(b) In paragraph 11 as follows:"Licensor agrees that in the event Licensor shall have entered into or shall hereafter enter into any license agreement, or shall have modified or shall modify any existing license agreement (except that with Baroid Sales Division, National Lead Company), covering similar operations in the United States, providing for a lower or more advantageous royalty rate or for any other terms or conditions more favorable to the Licensee than herein set forth, then and thereafter, Licensee shall have the benefit of such lower or more advantageous terms, conditions or royalty rate."
In 1953 Core notified Hayward that it was suspending its royalty payments because more than 25% of well logging operations in the United States was an unlicensed infringement of Hayward patents and that Hycalog was one of the principal infringers.
Upon receipt of the notification of suspension of royalty payments, Hayward sued Core for unpaid royalties. Shortly thereafter Core then learned for the first time that Hayward in 1951 had attempted to license Hycalog but that Hycalog had refused to accept a license under the Hayward patents because it was then operating under a license for the use of the Rosaire patents, the validity of which was at that time being contested in litigation instituted by Rosaire against Baroid, the Hayward licensee. Upon Hycalog's refusal to accept a license under the Hayward patents, Hayward agreed not to sue Hycalog for infringement until the termination of the Rosaire-Baroid litigation, and Hycalog in turn agreed not to raise the defense of laches against Hayward in any such suit brought after the termination of the Rosaire-Baroid litigation.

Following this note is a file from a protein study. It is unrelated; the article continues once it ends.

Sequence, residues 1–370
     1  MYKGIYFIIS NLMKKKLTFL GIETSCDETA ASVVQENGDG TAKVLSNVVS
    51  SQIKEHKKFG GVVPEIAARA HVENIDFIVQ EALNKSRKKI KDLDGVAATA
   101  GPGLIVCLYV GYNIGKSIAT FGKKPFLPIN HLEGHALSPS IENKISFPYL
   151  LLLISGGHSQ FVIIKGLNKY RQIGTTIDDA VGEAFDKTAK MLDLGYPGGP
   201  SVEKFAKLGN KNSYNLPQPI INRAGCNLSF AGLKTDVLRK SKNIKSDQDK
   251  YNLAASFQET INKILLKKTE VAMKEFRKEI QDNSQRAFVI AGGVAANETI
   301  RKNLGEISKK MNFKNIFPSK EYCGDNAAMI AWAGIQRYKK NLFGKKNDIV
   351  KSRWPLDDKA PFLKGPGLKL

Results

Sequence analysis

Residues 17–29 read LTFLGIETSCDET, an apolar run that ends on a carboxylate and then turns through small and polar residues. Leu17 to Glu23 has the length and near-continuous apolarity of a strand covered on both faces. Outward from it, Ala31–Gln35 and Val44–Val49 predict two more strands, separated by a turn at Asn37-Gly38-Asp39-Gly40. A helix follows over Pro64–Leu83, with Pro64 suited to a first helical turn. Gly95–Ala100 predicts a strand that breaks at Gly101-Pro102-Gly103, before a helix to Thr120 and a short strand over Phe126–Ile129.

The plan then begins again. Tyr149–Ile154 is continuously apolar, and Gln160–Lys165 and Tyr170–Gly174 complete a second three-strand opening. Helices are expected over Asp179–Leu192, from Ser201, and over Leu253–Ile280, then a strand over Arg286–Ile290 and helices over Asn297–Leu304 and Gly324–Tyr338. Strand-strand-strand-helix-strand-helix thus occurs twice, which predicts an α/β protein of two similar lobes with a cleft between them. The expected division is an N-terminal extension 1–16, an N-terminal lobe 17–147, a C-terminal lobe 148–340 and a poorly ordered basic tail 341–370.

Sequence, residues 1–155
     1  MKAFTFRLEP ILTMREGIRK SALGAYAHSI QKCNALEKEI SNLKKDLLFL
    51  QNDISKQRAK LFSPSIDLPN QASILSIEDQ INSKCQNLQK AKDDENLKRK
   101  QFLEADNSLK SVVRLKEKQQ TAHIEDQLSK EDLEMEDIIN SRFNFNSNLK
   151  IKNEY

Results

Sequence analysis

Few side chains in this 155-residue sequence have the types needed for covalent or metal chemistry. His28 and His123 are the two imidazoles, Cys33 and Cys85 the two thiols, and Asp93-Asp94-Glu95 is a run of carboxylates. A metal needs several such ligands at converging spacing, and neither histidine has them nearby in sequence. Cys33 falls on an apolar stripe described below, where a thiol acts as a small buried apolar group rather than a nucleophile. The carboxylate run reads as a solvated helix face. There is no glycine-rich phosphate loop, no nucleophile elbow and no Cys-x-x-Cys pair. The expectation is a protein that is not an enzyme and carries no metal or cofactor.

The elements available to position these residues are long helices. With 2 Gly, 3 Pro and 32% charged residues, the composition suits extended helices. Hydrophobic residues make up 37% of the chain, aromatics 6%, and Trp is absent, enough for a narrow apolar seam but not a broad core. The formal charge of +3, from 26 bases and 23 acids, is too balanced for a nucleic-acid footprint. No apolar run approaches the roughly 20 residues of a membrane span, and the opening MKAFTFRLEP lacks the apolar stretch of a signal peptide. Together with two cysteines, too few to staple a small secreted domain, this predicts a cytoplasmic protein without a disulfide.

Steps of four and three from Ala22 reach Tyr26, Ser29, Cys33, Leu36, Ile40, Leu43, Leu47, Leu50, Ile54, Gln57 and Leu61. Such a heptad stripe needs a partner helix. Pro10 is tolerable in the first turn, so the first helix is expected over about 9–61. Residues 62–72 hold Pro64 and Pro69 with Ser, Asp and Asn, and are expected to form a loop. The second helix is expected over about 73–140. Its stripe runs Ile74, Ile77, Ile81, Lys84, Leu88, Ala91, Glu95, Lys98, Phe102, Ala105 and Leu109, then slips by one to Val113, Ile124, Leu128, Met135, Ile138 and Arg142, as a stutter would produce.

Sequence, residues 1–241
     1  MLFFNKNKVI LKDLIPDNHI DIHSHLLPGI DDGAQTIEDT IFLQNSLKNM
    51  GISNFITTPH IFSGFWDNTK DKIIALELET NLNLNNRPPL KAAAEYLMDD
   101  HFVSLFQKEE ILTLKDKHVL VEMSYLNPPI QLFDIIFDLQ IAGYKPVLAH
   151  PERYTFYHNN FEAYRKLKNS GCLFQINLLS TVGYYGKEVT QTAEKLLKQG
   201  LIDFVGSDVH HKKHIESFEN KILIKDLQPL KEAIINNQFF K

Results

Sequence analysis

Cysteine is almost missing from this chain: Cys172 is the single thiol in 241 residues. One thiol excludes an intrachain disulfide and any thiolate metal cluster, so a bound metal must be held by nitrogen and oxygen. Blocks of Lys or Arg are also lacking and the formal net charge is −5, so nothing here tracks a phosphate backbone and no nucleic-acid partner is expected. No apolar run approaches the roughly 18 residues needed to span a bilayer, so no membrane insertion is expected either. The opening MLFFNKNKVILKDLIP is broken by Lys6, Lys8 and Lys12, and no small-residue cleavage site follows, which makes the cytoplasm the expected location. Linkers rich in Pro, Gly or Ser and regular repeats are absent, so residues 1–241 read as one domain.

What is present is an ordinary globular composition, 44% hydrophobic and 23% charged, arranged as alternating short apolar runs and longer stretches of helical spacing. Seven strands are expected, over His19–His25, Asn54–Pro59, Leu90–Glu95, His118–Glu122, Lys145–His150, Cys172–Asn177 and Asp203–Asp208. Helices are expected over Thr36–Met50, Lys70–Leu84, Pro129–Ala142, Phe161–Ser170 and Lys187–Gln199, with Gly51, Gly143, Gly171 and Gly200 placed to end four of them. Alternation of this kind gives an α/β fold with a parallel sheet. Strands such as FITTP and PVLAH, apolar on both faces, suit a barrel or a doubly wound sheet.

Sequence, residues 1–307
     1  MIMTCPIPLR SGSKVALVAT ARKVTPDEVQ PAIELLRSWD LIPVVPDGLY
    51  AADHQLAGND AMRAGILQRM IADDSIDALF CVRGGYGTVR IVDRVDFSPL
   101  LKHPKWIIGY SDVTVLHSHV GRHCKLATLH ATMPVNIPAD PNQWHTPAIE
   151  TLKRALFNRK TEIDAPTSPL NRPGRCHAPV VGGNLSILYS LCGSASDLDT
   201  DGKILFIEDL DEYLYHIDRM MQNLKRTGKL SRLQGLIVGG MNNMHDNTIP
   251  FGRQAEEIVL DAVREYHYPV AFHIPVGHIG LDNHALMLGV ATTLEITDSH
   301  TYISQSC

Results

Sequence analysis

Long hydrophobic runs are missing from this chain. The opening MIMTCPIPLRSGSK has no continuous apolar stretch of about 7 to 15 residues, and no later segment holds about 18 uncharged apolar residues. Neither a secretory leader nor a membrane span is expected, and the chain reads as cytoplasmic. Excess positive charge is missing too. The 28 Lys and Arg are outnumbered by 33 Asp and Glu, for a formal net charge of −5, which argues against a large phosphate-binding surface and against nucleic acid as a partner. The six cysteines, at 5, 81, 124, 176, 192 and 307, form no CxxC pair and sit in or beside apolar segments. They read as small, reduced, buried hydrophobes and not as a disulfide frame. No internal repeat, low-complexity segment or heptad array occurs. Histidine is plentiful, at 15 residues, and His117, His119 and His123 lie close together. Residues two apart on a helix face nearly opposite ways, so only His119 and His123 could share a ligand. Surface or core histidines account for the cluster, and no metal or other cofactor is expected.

Thereupon, in October 1953 Core and Hayward settled the action brought by Hayward for unpaid royalties under the 1950 license agreement by Core agreeing to pay one-half of such unpaid royalties and, by agreement, to amend Core's license of 1950 to provide that Core would not be obligated to pay royalties to Hayward after the expiration of 60 days following the final determination of the Rosaire-Baroid litigation unless at such time Hycalog shall have been licensed by Hayward or, in the alternative, Hayward had sued Hycalog for infringement of its patents.
In 1955 the Rosaire-Baroid litigation was finally concluded, resulting in the invalidation of the Rosaire patents. Thereupon, Hayward promptly sued Hycalog for infringement *555 of its patents, seeking damages for Hycalog's past infringements.